- Green Newton (our local environmental group – 6 programs per season)
- Good Shepherd Community Care (a local hospice organization – 2 programs per season)
- Poetry Series (led by a volunteer – 6 programs per season)
- SCORE (The nation’s largest network of volunteer, expert business mentors – approximately 9 programs per season and 7 ongoing monthly one-on-one mentoring sessions)
- AARP Tax Aide Foundation™ (volunteer-run tax preparation and assistance service – weekly from mid-Feb through the end of the tax season)
We often reach out to others such as the Newton Human Rights Commission and some of the entities listed above to invite them to cosponsor programs. By cosponsoring they agree to help get the word out through their channels and also to have a representative of their organization present at the actual program to field questions as need be.
Any lessons learned or other thoughts you would like to share?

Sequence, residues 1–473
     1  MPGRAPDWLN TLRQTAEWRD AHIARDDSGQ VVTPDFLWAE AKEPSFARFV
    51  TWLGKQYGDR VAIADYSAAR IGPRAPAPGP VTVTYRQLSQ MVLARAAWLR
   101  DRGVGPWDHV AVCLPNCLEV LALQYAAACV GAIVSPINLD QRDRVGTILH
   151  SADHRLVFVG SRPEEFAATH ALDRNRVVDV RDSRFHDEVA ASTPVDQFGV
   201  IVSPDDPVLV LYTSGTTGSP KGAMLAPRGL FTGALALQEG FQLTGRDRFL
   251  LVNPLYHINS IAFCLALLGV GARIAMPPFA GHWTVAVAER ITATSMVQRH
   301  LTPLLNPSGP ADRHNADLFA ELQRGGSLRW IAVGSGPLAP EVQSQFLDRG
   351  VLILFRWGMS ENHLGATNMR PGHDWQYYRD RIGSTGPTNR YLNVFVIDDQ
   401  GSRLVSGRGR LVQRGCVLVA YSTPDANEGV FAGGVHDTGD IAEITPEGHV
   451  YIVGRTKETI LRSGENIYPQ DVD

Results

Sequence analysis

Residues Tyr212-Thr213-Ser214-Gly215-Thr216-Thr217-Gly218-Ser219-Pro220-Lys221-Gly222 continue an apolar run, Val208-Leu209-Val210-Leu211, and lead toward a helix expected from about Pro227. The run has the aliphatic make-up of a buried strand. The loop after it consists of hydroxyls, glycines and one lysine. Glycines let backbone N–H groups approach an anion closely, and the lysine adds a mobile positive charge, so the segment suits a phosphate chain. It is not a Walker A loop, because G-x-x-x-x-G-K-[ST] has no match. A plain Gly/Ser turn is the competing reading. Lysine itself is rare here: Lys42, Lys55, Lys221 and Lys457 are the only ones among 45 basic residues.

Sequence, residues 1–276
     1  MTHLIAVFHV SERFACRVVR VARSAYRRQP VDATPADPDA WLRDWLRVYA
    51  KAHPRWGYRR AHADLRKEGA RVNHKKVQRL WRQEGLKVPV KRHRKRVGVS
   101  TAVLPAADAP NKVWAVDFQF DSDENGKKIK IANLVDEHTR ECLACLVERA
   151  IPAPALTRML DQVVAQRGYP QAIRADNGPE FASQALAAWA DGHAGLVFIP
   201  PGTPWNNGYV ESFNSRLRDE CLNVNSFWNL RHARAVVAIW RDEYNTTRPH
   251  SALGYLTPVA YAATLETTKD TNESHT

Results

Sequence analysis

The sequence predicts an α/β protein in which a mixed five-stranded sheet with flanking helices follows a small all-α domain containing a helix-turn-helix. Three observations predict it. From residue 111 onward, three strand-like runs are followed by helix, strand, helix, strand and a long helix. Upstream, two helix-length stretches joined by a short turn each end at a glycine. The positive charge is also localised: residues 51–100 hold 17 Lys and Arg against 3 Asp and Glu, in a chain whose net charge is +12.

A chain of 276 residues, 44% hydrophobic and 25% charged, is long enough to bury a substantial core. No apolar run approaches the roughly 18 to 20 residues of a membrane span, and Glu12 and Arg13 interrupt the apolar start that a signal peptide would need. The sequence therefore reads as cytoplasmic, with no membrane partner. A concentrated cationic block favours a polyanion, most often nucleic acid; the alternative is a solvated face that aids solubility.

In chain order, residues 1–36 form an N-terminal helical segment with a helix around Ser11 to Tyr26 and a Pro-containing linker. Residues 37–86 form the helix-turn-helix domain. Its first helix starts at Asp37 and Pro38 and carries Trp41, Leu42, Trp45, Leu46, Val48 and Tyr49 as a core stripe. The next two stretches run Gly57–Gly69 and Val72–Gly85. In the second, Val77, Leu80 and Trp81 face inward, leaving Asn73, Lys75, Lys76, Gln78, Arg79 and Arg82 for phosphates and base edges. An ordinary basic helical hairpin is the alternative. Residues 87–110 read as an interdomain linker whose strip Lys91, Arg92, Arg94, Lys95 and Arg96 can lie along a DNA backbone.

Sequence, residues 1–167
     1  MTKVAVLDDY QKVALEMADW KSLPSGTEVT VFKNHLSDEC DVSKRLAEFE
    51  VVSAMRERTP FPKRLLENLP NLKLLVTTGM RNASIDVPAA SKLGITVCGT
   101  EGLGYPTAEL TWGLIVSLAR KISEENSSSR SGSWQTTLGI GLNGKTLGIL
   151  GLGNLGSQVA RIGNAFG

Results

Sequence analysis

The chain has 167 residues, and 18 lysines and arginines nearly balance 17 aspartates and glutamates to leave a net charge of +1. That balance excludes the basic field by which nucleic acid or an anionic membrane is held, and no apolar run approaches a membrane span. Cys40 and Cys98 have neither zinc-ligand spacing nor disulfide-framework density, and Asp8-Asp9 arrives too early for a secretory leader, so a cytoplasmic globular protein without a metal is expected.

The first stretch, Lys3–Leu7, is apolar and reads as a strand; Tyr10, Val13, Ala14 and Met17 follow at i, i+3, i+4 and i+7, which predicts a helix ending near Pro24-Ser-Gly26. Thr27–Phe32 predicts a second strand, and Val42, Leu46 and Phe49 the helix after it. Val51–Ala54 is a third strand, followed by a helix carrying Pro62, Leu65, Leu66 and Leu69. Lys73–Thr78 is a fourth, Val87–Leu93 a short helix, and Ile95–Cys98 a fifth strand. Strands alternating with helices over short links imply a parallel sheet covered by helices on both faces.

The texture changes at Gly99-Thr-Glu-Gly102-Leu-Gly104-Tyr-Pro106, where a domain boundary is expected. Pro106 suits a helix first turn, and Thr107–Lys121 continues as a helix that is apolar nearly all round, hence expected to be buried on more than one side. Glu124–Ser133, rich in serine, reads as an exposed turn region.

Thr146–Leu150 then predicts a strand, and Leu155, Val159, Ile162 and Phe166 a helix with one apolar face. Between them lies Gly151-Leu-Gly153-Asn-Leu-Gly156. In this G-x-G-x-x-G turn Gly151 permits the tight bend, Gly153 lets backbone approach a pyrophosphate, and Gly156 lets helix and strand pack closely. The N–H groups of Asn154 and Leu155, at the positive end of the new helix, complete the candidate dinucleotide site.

It is critical to cultivate positive relationships with the press – locally and statewide as you are able (ie the Boston Globe). Providing them tools such as the monthly Events Summary makes their job easier, shows a level of respect and collegial support, and can also increase the amount of coverage you will get.
The position I hold at the Newton Free Library is one of great responsibility in service to this community. It is helpful that I live in Newton – I keep abreast of local issues which can drive program planning that will be of value to our citizens. It is my obligation to maintain a balanced approach in planning programs. That said, it is important to have the confidence to select topics that, while potentially difficult to face (social injustice, racism, climate change and the like), can spark productive dialogue with the intention of promoting positive outcomes for our society in general.
It is my pleasure to be able to meet and work with intelligent colleagues and talented, knowledgeable presenters. For all the challenges of keeping things straight, when a program meets with success and patrons express their gratitude, enjoyment or mention that their lives were changed by having heard a particular speaker, I am confident that my work is serving the public well and upholding the library’s mission.
Interview with Ellen Meyers, Assistant Supervisor of Public Services for Programs & Communications, Newton Free Library
Interviews by Michelle Eberle, MLS Consultant